It is the last few hours of the Toronto Summer Institute and John O'Brien is leading us through a reflective process before we leave.  One of our reflections asks what our calling is or what we want to create, and then, what are our fears about doing that.  I find my fear to be that I will lower my expectations and accept less, and I fear this because I think this may have been happening, actually since my arrival in New Mexico.  It suddenly becomes clear to me that I have been taking inclusion for granted. 

Two nights ago, in the open space to talk about this opportunity to create a new organization, AAAPD, Tim from PA advised that we use John's 5 accomplishments to follow as our framework.  In my head, I'm saying, "yea, yea, yea, I know this - it is a given." 

This morning, with precious few minutes left, I realize the most important thing I needed to know - I have been taking inclusion for granted.  To me, it is a given.  It is embedded in my soul; it is like a second skin; it is who I am. What I was thinking is because I am this way, so must be others.  I accepted as a given that many of the people I have worked with since coming to New Mexico that are progressive in their thinking and share many important beliefs with me know what inclusion is.  We had lots of conversation about community building, self-determination, self-advocacy, person-centered planning - but little conversation about inclusion. 

I lowered my expectations for what was being accomplished or could be accomplished because it would eventually come together because we understand inclusion.

We don't.  I nearly forgot.  We can work very hard on Mi Via, but it won't do anything to include everyone in a better community; it is just a funding stream.  We can talk about self-determination, and though this raises possibilities for freedom, authority, choice and responsibility, it doesn't clarify a vision of everyone belonging.  We can support self-advocacy, which can give people an important voice, but this voice doesn't necessarily speak to inclusion. And what the heck is a person-centered plan that isn't at its heart about inclusion. None of these important ideas, tools and practices, as good and helpful as they can each be, considers how people belong, the places they share, the respect for peoples' gifts and contributions - the touch, the feel, the fabric of inclusion.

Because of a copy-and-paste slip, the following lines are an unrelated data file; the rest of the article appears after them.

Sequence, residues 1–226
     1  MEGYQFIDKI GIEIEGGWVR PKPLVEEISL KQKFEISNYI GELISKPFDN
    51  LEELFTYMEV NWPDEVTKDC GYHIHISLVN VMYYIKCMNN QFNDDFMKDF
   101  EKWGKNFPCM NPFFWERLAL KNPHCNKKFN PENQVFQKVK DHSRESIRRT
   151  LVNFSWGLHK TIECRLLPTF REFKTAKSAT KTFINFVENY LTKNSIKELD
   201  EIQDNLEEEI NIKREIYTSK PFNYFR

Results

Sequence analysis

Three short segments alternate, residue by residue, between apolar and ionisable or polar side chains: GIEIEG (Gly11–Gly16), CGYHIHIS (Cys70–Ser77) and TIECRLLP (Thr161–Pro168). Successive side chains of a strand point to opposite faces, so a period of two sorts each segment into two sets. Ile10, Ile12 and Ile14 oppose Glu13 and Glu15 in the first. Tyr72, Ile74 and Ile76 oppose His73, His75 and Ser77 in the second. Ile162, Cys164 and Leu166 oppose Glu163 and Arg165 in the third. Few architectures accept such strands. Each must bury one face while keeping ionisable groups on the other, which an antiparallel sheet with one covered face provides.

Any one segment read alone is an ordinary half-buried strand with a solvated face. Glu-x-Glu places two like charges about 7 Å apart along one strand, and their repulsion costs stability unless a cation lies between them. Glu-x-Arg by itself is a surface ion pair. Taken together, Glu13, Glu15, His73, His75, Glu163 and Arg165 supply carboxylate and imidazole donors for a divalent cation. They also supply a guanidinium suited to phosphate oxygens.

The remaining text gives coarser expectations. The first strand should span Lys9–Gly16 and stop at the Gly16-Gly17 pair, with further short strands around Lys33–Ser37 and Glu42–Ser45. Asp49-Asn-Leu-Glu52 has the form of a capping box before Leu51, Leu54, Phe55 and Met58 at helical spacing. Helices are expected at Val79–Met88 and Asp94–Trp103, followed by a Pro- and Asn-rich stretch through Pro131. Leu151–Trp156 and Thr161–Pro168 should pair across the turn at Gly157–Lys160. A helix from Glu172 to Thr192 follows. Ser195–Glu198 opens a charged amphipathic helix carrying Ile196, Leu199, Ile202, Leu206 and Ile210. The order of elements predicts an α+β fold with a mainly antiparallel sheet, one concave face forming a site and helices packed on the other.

What is it about the magic of the Institute that helps you find the thing you need, even when you didn't know it?

Several years ago, the daughter of a friend of mine visited New Mexico.  We visited Acoma Pueblo.  Our tour guide told many colorful and sad stories about his people, their history, their forced slavery by the Spanish, their efforts to keep their traditions.  At the conclusion of one of his stories, he made a gesture - with a fist, he tapped his chest twice, then with two fingers, he made the gesture of painting his face, saying, "We will not forget."  I recently visited with my friend and her daughter, and we remembered the stories and the gestures.  This morning, I affirmed my intention to not forget.

On the second day upon my return to New Mexico, I will share this powerful idea that I am committed to, inclusion, with some friends and colleagues that I am working with. I will invite them to help AAAPD design how to create the experience of inclusion with the people who work with us.

As for our prototyping, we created a 3-dimensional model of a stage with peoples' lives on stage and all the stuff going on back stage and a model of how people can have fun with a hands-on way to go about planning for budgeting and resources. With the help of Judith McGill, we created an Image Theater, acting out the interplay between on stage and back stage.  We learned a lot from that about how to bridge the two.  We created "permeable" spaces between on stage and back stage and tried prototyping how to create these "permeable" spaces. I was grateful to be part of John's experiment with design-thinking.

I participated in embodied practices with Anne Mitchell.  I learned about embodying connecting with a gentle touch.

I found good-byes to be joyful because everyone was full of an experience that really mattered. 

I write this at the end of the day, tired and full of the possibility of sleep.  I have photos from the Institute and many other thoughts, so I will share more in the next few days.





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